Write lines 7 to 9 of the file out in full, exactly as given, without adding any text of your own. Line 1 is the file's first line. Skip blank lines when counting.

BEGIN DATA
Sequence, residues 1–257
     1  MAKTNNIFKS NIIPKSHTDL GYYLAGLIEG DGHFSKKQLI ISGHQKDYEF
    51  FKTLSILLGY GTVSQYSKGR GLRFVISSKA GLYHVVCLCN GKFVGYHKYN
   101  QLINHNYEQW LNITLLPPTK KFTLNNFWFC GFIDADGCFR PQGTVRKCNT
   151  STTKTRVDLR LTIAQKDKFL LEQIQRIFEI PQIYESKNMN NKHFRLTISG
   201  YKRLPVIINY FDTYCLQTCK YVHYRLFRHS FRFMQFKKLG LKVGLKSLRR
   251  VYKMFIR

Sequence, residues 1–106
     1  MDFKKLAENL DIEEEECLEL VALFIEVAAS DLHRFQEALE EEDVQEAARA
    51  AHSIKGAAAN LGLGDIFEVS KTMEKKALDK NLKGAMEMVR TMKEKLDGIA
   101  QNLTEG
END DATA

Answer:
   251  VYKMFIR

Sequence, residues 1–106
     1  MDFKKLAENL DIEEEECLEL VALFIEVAAS DLHRFQEALE EEDVQEAARA